Every weekday on Marketplace, Kai Ryssdal hosts a lively and unexpected exploration of the day’s business and economic news from Wall Street to your wallet.
After a blaze of success that propelled it into going public, the Crumbs cupcake company is going out of business. We look at the object lessons that other one-product businesses might take from the Crumbs saga. Plus, a new report looks at grads who came out in the early days of the recession and concludes they’ve done just fine. They have, but only because they got in before things really hit the fan. We look behind the numbers. Also, seems Silicon Valley interns get paid a lot of money. Like, six grand a month, in some cases. What do they do to make that kind of cash, and why would any company want to pay an intern that much? We report.
Banks needing cash temporarily pawn off treasuries to get it – usually just for a day or two. The system is under strain because the Fed has bought so many bonds and also because regulations require many financial institutions to hold bonds as collateral for deals. This is causing deals to fail at unprecedented rates. Plus, Archer Daniels Midland, a major US food processor has agreed to buy a company called Wild Flavors, which specializes in natural flavorings for food products. We pull back the curtain on the business of flavor, and along the way find out about what’s in, what’s out, and the tastes that are trending. Also, some foods are at recent highs, others are cheaper than they’ve been, but overall, the USDA reports, Americans spend far less on food than people in most countries – an average of 6.6 percent of income. Even poor Americans don’t spend appreciably more of their income. We look at what makes food in the U.S. so inexpensive.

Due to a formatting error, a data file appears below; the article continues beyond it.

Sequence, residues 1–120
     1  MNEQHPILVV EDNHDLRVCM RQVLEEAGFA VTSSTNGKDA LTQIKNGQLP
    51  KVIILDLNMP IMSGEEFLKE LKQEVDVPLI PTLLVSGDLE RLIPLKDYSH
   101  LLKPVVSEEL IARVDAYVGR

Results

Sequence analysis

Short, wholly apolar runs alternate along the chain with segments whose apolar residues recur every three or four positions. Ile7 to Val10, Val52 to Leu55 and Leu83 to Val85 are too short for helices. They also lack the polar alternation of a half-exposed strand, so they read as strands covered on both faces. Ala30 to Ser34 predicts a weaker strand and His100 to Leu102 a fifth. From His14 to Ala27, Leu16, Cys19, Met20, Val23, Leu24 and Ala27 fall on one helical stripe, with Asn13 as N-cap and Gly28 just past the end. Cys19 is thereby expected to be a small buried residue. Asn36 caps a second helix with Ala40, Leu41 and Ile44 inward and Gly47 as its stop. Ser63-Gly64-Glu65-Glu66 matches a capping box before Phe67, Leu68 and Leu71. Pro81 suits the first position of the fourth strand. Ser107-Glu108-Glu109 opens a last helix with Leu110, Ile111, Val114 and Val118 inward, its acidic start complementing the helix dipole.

Ready to watch some fireworks this Independence Day? Even if they're banned in your neighborhood, you'll probably still see and hear a few. According to the American Pyrotechnics Association, most states have restrictions on large types of firework. So how come there are still so many things that go bang in the night? Youth Radio takes us into the black market of fireworks. And, July 4th is one of the top weekends for American beer brands. But as Marketplace's Mitchell Hartman reports shifting habits among beer drinkers may mean that won't be true for too much longer. Also, in the next installment of the series "I've always wondered", Golda Arthur looks into what it's like to be a day trader on the floor of the New York Stock Exchange.
The latest jobs figures from the Department of Labor show the unemployment rate fell to 6.1 percent last month. That's the lowest since 2008, when the Great Recession kicked in. We explore how the jobs landscape has changed since then and what people are saying about having - or not having - a job. Plus, President Obama says immigration reform, if passed, could lead to $1.4 trillion in additional growth – we unpack, fact-check and explain this figure.
A wide-ranging interview about the economy with President Barack Obama.
Target is following other national chains in asking gun owners not to bring their guns shopping, including states where open-carry is legal. Target has been a target of both open-carry demonstrators in Texas, and anti-gun groups protesting people carrying rifles into Target stores, where 80 percent of the shoppers are women and children. We look at the cost to retailers following in Wyatt Earp’s footsteps. Plus, LAUSD is backing away from its iPad for every kid policy and is opening up its classrooms to several other devices made by Google, Microsoft, etc. With hundreds of millions of education-tech dollars being spent by school districts, what does LA’s move mean for the competition to own the classroom, here and elsewhere. Also, Apple bought Beats, then Amazon added music to its Prime service, and now Google is buying the music streaming site Songza, which selects songs for users based on their activities and the time of day. It's been a busy few weeks for music streaming— already a crowded space. Why does everyone want to be in the music business? Or is it less about being in the music business and more about being in the everything business? We investigate.